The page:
Ana de Alvear (born 1962), is an artist and filmmaker from Madrid, Spain who has exhibited throughout Asia, Europe, and South America. This is her first solo exhibition in the United States. Despite seemingly traditional subject matter, the title of this exhibition invites the public to question the veracity of what they see and hear, a contemporary concern in an age of frequent misinformation. As one looks closely at her work, it becomes evident that there are layers of meanings and deceptions. What originally appear as photographs or even paintings are all achieved, in astonishing hyper-realistic detail, with the humble medium of colored pencil.
This repartee with the history of art is not new; René Magritte spoke of “the treachery of images” and artists have been using trompe l ’oeil (fooling the eye) techniques in painting for years to dialogue with the reality of the image, a conversation made more acute...with the advent of photography and extended further into the digital age. Yet with de Alvear’s drawings, there is no digital or mechanical process involved.
Beyond this, de Alvear uses stuffed animals, knockoff porcelain, and plastic flowers and insects as her subjects to probe ironically the values of contemporary society. The compositions are inspired by European still-life paintings dating back to the seventeenth century, wherein artists painted such highly prized items as tulips, crystal, and imported porcelain, alongside insects and symbols of decay as memento mori (reminders of death).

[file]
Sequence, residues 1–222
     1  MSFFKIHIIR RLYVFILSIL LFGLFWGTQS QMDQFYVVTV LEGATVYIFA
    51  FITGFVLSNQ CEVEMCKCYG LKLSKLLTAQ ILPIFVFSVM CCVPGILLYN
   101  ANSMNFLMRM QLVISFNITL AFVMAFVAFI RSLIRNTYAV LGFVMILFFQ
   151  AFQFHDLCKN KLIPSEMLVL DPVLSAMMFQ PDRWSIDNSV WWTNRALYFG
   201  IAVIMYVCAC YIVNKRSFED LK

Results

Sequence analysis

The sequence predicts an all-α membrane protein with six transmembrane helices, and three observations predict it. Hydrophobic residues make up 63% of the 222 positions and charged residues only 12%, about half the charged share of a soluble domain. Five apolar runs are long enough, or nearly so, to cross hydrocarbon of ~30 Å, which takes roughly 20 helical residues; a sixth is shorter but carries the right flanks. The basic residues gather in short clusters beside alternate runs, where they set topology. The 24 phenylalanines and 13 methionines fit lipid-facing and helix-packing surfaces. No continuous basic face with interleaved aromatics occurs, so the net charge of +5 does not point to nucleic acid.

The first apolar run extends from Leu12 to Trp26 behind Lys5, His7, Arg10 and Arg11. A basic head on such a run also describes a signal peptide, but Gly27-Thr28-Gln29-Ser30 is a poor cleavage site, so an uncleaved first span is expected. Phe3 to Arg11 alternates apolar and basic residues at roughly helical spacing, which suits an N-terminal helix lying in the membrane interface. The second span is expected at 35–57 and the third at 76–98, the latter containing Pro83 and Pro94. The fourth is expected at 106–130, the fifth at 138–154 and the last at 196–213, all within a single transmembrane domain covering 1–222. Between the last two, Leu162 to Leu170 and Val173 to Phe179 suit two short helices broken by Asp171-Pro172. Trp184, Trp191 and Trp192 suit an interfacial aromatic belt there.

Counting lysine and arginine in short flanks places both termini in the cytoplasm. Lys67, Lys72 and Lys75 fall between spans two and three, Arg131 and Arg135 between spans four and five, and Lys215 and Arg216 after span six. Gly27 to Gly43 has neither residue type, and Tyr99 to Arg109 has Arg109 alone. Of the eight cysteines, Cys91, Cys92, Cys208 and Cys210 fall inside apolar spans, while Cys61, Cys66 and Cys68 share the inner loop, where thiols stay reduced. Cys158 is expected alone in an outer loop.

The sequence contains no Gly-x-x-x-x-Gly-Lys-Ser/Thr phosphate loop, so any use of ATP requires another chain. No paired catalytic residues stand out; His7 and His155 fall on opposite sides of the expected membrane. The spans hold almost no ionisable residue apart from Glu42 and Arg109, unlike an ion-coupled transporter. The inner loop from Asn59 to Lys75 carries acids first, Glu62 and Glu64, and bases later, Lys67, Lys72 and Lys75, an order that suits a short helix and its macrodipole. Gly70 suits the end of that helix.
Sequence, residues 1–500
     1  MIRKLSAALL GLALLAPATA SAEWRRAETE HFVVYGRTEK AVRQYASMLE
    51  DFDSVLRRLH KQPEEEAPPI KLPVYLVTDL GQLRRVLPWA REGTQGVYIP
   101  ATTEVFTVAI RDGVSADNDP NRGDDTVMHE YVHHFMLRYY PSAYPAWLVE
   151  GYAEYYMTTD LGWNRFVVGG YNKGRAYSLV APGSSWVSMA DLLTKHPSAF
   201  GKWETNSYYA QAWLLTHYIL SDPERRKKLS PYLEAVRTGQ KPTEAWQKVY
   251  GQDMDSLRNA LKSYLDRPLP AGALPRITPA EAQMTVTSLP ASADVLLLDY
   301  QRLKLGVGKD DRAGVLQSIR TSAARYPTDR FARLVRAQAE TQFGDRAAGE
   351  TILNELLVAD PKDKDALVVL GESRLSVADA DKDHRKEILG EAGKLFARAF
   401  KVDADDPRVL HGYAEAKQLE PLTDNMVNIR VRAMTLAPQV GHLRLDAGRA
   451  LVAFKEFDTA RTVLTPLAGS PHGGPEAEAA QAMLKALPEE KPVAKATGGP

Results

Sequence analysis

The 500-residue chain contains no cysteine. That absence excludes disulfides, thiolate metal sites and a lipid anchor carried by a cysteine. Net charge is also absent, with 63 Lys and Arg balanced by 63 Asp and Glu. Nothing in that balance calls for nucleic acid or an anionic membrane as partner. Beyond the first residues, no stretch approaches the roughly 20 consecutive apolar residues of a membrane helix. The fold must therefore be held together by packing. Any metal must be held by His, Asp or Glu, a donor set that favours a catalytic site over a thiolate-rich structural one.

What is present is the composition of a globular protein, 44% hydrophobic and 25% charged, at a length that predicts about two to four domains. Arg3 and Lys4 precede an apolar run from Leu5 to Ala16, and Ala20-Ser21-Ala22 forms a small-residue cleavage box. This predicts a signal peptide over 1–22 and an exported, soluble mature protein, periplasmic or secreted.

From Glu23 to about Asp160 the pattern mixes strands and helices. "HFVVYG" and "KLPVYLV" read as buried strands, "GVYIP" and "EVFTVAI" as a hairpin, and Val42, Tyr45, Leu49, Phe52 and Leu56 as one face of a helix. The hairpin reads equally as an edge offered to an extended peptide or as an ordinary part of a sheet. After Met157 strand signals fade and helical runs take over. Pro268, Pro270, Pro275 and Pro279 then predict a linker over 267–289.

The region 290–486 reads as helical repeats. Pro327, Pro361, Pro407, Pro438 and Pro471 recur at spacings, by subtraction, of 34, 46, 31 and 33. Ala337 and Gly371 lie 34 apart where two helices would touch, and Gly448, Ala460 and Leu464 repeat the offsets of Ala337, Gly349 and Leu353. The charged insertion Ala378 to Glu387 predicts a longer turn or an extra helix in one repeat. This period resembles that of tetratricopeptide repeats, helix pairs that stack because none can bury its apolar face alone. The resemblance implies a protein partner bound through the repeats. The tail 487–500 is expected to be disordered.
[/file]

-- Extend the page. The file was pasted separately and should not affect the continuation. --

Initially appearing humorous and playful, the inclusion of toys in de Alvear’s works nevertheless also embodies darker meanings of lost childhood and trauma, while the ubiquitous presence of plastic, only visible upon close scrutiny, alludes to the current crisis of the environment and impending animal extinctions, such as the artificial bee attempting to pollinate plastic flowers. Humans’ position in the universe is laid before us as we are made more aware of our physicality and scale in the presence of two dramatic galaxy murals, each comprising fifty elaborately executed drawings.
Entrada actualizada el el 11 oct de 2021
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